In-house counsel are also looking for quick solutions to those “fires” they are called to put out.  Take the company with operations in several states that needs to know plant closing and layoff laws of six states immediately, lest they inadvertently break those rules by not providing enough notice of a major business restructuring happening in 61 days. While in-house counsel could call on the law firm attorney, who likely will draw on KM resources to answer the question, a KM department adds value (and pleases clients) when it offers topical legal research that in-house counsel can access from their desks, without picking up the phone and incurring a charge each time.  At Littler, we offer A Guide to Policies by State, or GPS, which is a subscription service that offers clients a continually updated database of select employment regulations for every jurisdiction in the country.  While some may argue it is not KM’s job to answer legal research questions, providing a technological platform to deliver research answers to clients is exactly what KM should be doing.  KM’s success comes when it can move outside the walls of the law firm and extend the invaluable service it has been providing to firm attorneys directly to firm clients.

Matter Management And More–Littler CaseSmart

A central goal for any successful KM department is to continually monitor new technological developments to employ cutting-edge platforms to deliver the resources necessary to most efficiently answer clients’ needs—sometimes before they know they have them.  Clients do not want to pay a law firm to continually reinvent the wheel.  One significant way that law firm attorneys can retread the same ground is processing employment charges (filed with an administrative agency) for the same client, a process which can in many ways be rote.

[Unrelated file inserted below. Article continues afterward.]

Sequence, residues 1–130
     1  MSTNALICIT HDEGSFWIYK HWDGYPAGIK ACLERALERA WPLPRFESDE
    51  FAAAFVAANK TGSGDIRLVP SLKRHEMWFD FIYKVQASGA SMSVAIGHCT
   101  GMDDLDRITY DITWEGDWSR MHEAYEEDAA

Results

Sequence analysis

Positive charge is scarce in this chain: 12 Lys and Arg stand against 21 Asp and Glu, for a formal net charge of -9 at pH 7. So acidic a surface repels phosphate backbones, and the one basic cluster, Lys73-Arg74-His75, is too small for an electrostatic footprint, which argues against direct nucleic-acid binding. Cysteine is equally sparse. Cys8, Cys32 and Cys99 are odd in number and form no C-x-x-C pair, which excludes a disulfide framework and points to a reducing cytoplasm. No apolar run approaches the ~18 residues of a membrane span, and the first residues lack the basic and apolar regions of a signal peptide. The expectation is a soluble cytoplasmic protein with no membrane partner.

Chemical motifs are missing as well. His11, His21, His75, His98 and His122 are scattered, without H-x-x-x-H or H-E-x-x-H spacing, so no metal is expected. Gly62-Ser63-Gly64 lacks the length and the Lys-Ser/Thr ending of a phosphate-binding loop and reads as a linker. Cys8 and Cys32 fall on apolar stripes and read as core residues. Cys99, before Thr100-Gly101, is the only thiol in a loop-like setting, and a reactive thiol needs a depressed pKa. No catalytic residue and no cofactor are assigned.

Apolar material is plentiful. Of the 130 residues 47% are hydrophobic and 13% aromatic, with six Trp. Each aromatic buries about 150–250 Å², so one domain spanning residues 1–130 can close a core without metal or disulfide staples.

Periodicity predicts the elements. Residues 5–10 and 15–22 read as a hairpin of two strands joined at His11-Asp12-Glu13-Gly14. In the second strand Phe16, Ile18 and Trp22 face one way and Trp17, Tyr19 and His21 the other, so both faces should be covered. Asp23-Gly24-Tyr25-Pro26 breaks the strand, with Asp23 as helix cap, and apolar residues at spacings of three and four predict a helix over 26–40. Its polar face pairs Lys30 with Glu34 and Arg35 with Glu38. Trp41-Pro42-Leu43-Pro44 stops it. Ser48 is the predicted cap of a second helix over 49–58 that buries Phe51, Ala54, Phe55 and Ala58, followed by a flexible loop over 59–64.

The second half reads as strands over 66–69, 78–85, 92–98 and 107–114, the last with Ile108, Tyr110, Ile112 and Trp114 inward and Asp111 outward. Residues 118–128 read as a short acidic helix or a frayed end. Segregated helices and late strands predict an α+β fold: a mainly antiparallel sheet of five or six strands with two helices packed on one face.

By developing a support system for employment charges filed with state and federal administrative agencies, which involves customized work-flow, assignment tracking, and document automation—we call it Littler CaseSmart—we have drastically streamlined the time it takes for our attorneys to respond to administrative charges.  Beyond merely streamlining the process for firm attorneys processing these charges, Littler CaseSmart provides a client dashboard showing the status of each charge and capable of creating customized reports based on the specific data the client is seeking, such as the regions where charges may be on the rise, whether certain supervisors are being repeatedly targeted, or how different state agencies may approach and resolve charges.  Clients may also monitor the dashboard to make efficiency determinations regarding how the work is being processed.  Indeed, such aggregation of data and resulting comprehensive view for in-house counsel is typically well beyond what companies have the means to create and maintain on their own.

Client Self-Help